No pressure from China to intervene in the Solomon Islands - Nanaia Mahuta

Foreign Minister Nanaia Mahuta says China played no part in Cabinet's decision to send Kiwi troops and police to the Solomon Islands, after a week of unrest.

Anti-government demonstrations last week turned violent, protesters demanding the removal of Prime Minister Manasseh Sogavare. 

In 2019 the government switched its diplomatic relations from Taiwan to the People's Republic of China. Honiara, the capital, is on the island of Guadalcanal. Many of the protesters are reportedly from Malaita Island, which still has close ties to Taiwan and the US and in 2020 announced an independence referendum the central government dismissed as illegitimate. 

These issues, combined with limited economic opportunities not helped by the COVID-19 border closure, led to the rioting and looting, the Hong Kong-based South China Morning Post reported

Much of the ire has been directed at Chinese interests in Honiara, with buildings in the city's Chinatown district set on fire. 

New Zealand on Wednesday said it would be joining other nations in sending forces to help keep the peace. 

"We were asked formally by the Prime Minister to offer support and help," Mahuta told The AM Show on Thursday. "There was significant rioting, loss of life and damage to property, so when we received that formal request Cabinet made a decision to send a joint deployment of New Zealand Defence Force and police personnel to go over and support the peacekeeping effort, but also stabilise the situation."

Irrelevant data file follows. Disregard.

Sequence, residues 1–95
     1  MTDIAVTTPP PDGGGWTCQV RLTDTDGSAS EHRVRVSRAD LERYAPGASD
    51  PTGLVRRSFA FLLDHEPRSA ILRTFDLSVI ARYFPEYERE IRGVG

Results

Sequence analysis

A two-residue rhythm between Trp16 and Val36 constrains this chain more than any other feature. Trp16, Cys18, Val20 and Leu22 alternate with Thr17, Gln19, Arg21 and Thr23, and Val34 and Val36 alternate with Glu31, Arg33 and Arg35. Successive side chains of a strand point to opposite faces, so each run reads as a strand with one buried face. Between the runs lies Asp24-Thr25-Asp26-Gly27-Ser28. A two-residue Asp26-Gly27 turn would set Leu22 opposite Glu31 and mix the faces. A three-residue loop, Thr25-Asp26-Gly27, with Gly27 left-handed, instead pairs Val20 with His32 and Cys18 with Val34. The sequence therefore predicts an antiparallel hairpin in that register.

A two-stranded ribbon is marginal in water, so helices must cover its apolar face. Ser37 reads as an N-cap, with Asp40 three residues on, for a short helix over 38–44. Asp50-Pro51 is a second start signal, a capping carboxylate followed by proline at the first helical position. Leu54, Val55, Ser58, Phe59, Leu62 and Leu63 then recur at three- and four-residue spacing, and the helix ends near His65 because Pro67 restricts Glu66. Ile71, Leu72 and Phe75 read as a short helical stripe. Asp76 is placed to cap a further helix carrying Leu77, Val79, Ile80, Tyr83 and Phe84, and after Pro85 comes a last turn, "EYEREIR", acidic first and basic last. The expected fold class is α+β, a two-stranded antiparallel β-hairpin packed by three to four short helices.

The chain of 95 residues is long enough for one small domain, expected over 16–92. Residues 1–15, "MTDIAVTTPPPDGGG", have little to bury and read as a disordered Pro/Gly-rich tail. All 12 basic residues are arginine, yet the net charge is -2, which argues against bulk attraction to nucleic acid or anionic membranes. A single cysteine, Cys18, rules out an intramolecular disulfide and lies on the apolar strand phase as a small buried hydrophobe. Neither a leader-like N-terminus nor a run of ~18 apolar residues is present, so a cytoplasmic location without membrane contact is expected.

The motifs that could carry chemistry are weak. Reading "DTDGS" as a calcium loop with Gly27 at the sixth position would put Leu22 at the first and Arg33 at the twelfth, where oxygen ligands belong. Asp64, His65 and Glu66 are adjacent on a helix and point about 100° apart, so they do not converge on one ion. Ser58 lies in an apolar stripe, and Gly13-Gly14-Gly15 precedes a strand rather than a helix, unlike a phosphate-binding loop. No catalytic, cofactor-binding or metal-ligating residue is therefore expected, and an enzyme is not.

Fifteen will depart on Thursday and another 50 at the weekend, joining personnel from Australia, Papua New Guinea and Fiji who are already there. 

Mahuta said there was no pressure from China to quell violence. 

"Our response is purely in relation to a written ask from the Solomon Islanders."

Nanaia Mahuta.
Nanaia Mahuta. Photo credit: The AM Show

She said unlike previous peacekeeping missions in the islands, located east of Papua New Guinea, this one is expected to be short - up to 30 days - and relatively peaceful, though the threat of violence wasn't being dismissed altogether. 

"The latest report on the ground is that things have stabilised somewhat, and the role of our team will be to go into Honiara and support the clean-up, but also undertake greater efforts around stabilising the situation. 

"In terms of the operational protocols, we are ensuring that our people are able to undertake their role and are protected, but also in a COVID environment, that they're protected as well.

"There may well be other skirmishes over the next few days - that is why New Zealand is joining Australia, Papua New Guinea and Fiji on the ground to undertake peacekeeping activities as well as helping to support businesses and communities in the clean-up." 

Solomon Islands police have asked locals to stay away from Chinatown for the time being - for their own safety.

Taiwan has full diplomatic relations with only 15 countries now, many of them small island nations. It's lost five to its superpower neighbour and rival in the past decade.